Weight control is one of the most important benefits of exercise. And not because of your appearance – this is to do with the side effects of being overweight. We all gain a few pounds here and there, and there is no magical number for a healthy weight that fits us all. In fact, there is no number at all – each person has a healthy range within which their weight should fall, fostered by a healthy lifestyle. This means around 30 minutes of cardiovascular exercise per day and following a relatively healthy diet.
Maintaining a healthy weight keeps various cardiovascular and musculoskeletal diseases at bay. It reduces the stress on your joints, promotes better gut health, and, in a feedback loop, makes it easier to move and exercise. While you can lose weight by dieting alone, most of the time, that weight loss is difficult to maintain long-term. Moderate diet modification and exercise are a much more sustainable way to go. Not to mention that seeing physical changes is incredibly motivating and does wonders for your self-esteem.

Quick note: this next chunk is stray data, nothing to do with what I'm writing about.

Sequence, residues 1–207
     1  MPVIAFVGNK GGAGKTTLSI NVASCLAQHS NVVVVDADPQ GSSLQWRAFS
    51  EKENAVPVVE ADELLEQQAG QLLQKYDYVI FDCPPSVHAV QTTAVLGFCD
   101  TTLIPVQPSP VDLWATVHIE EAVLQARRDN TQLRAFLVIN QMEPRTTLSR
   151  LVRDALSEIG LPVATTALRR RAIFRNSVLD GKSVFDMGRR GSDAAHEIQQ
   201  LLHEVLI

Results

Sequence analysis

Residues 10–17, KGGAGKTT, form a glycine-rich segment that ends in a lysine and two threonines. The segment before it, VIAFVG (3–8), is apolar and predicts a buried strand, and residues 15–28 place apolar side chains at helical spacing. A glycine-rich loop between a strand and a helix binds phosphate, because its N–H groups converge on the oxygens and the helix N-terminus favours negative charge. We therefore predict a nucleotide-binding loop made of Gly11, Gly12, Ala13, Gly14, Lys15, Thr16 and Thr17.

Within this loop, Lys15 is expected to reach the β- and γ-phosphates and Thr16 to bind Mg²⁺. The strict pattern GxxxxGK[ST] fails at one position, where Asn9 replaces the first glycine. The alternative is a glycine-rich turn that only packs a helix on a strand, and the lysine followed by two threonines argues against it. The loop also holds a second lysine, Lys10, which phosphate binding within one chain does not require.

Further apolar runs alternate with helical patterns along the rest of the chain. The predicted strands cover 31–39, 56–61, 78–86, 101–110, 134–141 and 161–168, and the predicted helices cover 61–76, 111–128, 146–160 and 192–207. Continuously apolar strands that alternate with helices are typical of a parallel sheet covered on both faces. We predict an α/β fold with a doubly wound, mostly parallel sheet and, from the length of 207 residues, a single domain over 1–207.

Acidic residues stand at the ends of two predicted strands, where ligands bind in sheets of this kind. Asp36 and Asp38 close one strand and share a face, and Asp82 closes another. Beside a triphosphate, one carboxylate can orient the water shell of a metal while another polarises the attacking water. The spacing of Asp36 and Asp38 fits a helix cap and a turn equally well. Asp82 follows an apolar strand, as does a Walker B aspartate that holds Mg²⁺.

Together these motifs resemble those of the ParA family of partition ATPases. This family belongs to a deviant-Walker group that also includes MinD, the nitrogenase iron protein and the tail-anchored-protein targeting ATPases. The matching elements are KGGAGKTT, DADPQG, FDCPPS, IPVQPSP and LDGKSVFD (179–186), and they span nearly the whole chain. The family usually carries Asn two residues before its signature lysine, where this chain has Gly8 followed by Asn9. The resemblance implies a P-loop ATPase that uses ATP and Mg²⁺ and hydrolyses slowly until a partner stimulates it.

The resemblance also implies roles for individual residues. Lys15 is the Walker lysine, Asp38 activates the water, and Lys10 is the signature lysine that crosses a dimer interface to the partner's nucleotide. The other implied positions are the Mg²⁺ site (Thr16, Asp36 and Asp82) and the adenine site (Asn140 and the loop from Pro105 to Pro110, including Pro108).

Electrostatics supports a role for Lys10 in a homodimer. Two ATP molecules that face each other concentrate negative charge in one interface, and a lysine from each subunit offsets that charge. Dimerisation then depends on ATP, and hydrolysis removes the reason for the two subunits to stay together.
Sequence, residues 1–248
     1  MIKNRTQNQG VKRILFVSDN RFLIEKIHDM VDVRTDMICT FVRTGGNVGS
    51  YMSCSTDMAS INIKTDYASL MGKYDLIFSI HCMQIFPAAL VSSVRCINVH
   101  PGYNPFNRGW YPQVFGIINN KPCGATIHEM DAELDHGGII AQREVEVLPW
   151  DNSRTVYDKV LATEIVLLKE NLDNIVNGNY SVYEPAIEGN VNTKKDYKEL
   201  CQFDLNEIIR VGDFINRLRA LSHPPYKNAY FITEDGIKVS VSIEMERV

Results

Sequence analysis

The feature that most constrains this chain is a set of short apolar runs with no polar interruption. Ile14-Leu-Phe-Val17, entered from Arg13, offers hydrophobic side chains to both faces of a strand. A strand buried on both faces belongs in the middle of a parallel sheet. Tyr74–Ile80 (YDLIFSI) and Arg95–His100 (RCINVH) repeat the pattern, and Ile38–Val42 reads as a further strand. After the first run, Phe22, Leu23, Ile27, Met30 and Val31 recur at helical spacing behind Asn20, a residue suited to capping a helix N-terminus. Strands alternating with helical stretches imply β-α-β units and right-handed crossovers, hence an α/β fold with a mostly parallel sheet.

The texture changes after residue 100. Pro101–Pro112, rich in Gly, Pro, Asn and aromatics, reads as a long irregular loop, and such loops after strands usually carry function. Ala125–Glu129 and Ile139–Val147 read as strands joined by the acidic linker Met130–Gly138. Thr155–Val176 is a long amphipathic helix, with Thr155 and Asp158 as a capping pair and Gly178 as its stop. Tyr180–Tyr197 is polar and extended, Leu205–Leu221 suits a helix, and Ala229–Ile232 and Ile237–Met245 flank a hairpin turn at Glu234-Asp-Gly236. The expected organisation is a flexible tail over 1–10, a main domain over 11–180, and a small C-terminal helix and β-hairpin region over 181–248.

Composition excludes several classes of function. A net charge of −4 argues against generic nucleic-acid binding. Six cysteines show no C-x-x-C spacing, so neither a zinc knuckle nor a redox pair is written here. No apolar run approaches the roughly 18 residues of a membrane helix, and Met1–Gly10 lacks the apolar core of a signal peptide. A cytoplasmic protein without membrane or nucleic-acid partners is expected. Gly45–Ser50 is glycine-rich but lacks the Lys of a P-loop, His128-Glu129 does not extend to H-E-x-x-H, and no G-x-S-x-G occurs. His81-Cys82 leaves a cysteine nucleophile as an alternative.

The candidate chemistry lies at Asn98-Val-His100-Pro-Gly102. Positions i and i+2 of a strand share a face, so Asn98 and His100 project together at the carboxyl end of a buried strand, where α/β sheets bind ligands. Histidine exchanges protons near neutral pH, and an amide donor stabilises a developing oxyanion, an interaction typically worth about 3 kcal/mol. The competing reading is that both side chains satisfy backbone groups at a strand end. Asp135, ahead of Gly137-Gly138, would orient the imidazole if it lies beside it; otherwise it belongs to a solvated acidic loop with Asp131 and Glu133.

Introducing Exercise into Your Life (to Save Your Life!)
I get it; life is busy, and finding the motivation to exercise can be challenging. However, this doesn’t mean that it’s impossible. Here are a few tips on introducing exercise into your life (from a former non-exerciser):
- Change your mindset. It’s not all or nothing – it’s a little bit every day. If you tell yourself you have to get up at 5am and run 10k every morning, you’ll be even less inclined to do anything. Instead, set aside about 30 minutes for physical activity and work your way into it. Some days you’ll feel stronger and want to do a bit more; others, you may find that 30 is quite enough. Be gentle with yourself.
- Find an exercise that works for you. There is no reason why exercise shouldn’t be enjoyable for all fitness levels. Listen to your body and move in a way that feels good.
- Select a space for your workouts. Be that a gym, sports hall, or your living room – every place has its potential, and once you associate it with exercise, you’ll find it easier to get going.